The first was Wicked Lovely, which I had already started. To be honest, I skimmed over a lot of the bits in the middle that are more geared to the book's target audience (it's a publication of HarperTeen and it's kind of a teen girl romance novel). So why was I reading it? Because we're going to use its background for a bit of roleplaying to introduce a friend to the hobby. At first the plan was for Siobhan to GM, but on finishing the book I had an idea that will make both a good adventure, and possibly a good play for Lusternia, so I did a bunch of writing on that adventure during the week.
As for the book... I learned that it was originally a short story that got extended into a novel, and that is telling. There's about a short story's worth of story, but the padding, that's supposed to flesh out some of the characters, is mostly a lot of people walking around avoiding the inevitable. Some of the characters do get fleshed out, but the secondary characters, essentially everyone but the central four, remain very two-dimensional.
The writing itself is competent, and the setting, the modern world influenced by the world of the fey, is interesting (though not fleshed out as well as one would like -- perhaps there's more in the later books). For its target audience I'm sure it's a solid book (though for them, "fey is to vampire as Wicked Lovely is to Twilight" comparisons seem inevitable). It just didn't have enough to really sustain my interest. But I do have an idea for my own story that's consistent with both its feel and its setting (maybe not with the sequels, though) but full of more adventure.
After that, I read the free, non-humor essay-disguised-as-a-story by Scott Adams, God's Debris. Scott makes some very big claims for it in the introduction:
The target audience for God’s Debris is people who enjoy having their brains spun around inside their skulls.A charitable interpretation is that one can make a comparison with those who thought the first Matrix movie was great not for the action sequences but for the philosophy. People tend to attribute a lot of profundity to their first exposure to an idea, not necessarily the best expression of that idea. People who thought the idea of the Matrix was mind-blowing are people who haven't run into those ideas before in any form.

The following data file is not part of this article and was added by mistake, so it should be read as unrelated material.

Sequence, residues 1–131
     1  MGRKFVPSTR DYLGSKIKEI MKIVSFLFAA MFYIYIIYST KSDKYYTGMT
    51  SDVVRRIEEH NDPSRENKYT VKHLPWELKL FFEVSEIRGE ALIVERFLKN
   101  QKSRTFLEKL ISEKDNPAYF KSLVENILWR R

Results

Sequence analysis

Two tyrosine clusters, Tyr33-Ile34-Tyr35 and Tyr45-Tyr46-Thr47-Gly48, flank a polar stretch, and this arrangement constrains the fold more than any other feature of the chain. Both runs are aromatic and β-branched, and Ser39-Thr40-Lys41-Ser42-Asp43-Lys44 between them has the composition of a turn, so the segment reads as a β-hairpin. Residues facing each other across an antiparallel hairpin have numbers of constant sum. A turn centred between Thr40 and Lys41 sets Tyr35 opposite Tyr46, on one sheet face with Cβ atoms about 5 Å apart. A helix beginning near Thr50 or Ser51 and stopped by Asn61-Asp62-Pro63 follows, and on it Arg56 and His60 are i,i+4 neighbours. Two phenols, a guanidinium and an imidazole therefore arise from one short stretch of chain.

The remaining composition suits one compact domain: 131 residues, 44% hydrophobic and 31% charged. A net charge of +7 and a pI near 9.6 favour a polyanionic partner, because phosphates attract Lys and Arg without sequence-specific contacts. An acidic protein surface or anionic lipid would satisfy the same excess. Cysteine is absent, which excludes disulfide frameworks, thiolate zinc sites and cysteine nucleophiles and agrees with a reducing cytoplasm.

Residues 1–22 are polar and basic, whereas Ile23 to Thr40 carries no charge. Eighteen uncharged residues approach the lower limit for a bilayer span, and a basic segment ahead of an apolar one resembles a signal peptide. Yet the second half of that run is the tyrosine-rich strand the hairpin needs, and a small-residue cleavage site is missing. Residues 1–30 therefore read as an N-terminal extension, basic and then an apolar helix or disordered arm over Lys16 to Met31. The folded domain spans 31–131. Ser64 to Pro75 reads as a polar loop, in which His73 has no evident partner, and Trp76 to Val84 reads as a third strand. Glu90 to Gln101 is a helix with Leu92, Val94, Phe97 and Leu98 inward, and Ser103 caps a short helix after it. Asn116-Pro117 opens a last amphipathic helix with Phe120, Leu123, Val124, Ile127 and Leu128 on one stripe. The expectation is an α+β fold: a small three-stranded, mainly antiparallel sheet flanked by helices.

The description of reality in God’s Debris isn’t true, as far as I know, but it’s oddly compelling. Therein lies the thought experiment: Try to figure out what’s wrong with the simplest explanations. The central character states a number of scientific “facts.” Some of his weirdest statements are consistent with what scientists generally believe. Some of what he says is creative baloney designed to sound true. See if you can tell the difference.
You might love this thought experiment wrapped in a story. Or you might hate it. But you won’t easily get it out of your mind.
But I am not sure I can even give Scott that much credit. The fact is, telling the difference between the baloney and the "facts" is not that hard at all. Almost all of it is baloney, and the same trick is used over and over and over to connect things -- simply avoiding connecting them, but saying them sequentially very fast. And it's not very compelling. Maybe some of it would be to someone who has never thought about these things, but I think even in that case, Scott is overstating the case and overselling the profundity and impactfulness of the ideas.
On the positive side, the PDF is formatted very nicely and reads excellently on the Kindle, almost as good as a native Kindle document, without even rotating the display (in fact it worked better unrotated).
In both cases, I don't intend to read the sequels. Instead, I've moved on to a modern crime murder mystery thingie that I got free, called The Pawn. It seemed like suitable reading for a trip, but I only got a bit into it before we arrived, and then I never spent any time reading after that (most of the time I might have spent reading I spent writing). So now I have to finish it before delving into something deeper.